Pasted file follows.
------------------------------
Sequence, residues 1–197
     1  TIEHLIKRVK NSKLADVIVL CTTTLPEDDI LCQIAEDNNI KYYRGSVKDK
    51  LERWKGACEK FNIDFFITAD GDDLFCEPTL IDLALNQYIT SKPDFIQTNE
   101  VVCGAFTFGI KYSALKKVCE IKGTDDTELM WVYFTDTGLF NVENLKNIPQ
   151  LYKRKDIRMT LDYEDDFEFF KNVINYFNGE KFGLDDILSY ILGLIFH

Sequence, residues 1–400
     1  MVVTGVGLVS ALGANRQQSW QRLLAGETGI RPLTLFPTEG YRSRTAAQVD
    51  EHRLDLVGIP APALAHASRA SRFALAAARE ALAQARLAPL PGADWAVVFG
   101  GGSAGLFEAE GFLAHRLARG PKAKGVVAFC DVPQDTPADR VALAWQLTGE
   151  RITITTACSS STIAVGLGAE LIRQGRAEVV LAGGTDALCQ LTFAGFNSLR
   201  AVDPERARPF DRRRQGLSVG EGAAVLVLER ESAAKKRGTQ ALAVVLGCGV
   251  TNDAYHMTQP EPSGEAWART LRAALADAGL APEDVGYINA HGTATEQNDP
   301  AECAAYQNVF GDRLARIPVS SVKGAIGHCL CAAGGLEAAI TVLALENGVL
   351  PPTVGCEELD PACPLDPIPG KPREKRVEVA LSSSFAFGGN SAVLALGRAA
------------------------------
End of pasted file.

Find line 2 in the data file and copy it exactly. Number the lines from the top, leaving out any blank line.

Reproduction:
     1  TIEHLIKRVK NSKLADVIVL CTTTLPEDDI LCQIAEDNNI KYYRGSVKDK